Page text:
One of the most interesting speakers to me at the conference was Dinis Cruz, CTO of Ounce Labs. A couple of times, he pointed out that while yes, we are being hacked, there’s no blood on the floor. Nobody’s been killed from a web hack (thank goodness!) We (inductries that use the web heavily) are losing money doing damage control, making up losses (especially, the financial industry), and doing remediations. Absolutely true.
But has anyone done an analysis of what the risk picture looks like? Is web exposure worth it? Are we making more than we’re losing? So much more that, like actuaries, the risks are worth it?
I know this question may seem crazy for someone from inside the information security industry to ask? But, anyone who knows me, knows that I like to ask the questions that aren’t being asked, that perhaps might even be taboo? We security folk often focus on reducing risk until we feel comfortable. That “warm and fuzzy”. Risk is “bad”, and must be reduced. Well, yeah. I fall into that trap all too often, myself.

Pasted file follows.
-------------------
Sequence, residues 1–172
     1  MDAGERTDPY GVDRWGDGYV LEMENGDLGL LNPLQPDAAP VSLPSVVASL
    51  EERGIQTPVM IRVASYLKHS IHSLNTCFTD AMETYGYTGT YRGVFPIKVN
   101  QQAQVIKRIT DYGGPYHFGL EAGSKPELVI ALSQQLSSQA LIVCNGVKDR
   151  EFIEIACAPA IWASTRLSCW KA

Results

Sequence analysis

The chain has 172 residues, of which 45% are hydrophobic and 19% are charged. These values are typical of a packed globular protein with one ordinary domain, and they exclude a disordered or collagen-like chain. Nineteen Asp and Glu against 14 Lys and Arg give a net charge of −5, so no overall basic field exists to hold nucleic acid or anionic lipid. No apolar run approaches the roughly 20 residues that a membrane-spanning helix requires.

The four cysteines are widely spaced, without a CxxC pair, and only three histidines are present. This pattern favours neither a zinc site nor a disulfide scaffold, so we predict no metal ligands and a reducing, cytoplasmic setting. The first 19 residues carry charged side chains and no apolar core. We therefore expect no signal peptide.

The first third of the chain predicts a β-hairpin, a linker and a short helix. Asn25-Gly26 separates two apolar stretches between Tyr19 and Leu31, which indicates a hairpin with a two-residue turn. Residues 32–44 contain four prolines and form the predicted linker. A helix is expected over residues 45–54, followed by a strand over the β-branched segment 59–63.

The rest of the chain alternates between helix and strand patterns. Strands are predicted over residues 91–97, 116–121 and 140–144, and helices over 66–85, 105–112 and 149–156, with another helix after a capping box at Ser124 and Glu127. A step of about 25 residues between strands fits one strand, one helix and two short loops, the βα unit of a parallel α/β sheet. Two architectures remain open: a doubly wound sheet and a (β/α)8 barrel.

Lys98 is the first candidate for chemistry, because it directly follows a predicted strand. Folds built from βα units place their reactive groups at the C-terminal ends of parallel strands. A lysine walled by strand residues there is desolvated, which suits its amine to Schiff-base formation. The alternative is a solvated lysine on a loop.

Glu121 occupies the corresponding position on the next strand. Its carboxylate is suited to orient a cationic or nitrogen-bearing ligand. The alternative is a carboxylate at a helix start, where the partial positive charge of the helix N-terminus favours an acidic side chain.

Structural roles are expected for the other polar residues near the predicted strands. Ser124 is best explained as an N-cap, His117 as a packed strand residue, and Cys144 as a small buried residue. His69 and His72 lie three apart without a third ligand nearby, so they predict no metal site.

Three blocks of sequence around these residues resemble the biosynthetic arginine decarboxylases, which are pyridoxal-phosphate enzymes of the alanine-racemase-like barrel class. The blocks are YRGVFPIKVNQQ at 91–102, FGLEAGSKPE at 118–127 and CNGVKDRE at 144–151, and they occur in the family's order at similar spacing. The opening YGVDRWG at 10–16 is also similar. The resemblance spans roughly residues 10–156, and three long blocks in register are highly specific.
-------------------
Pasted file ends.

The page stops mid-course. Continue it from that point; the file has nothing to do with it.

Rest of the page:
It’s important when assessing a system to bring its risk down to the “usual and acceptable” levels of practice and custom of one’s organization. That’s at least part of my daily job.
But appropriate business risk always includes space for losses. What’s the ratio? Dinis definitely set me to considering the larger picture.
My work organization takes in more than 90% of its revenue through web sites. As long as loss is within tolerable limits, we should be ok, right? The problem with this statement comes with a few special classes of data compromise. These can’t be ignored quite so easily (or, the risk picture needs to be calculated more wholistically)
• Privacy laws are getting tougher. How does one actually inform each of 38 States Attorneys-General first? And, the Japan law makes this problem seem trivial.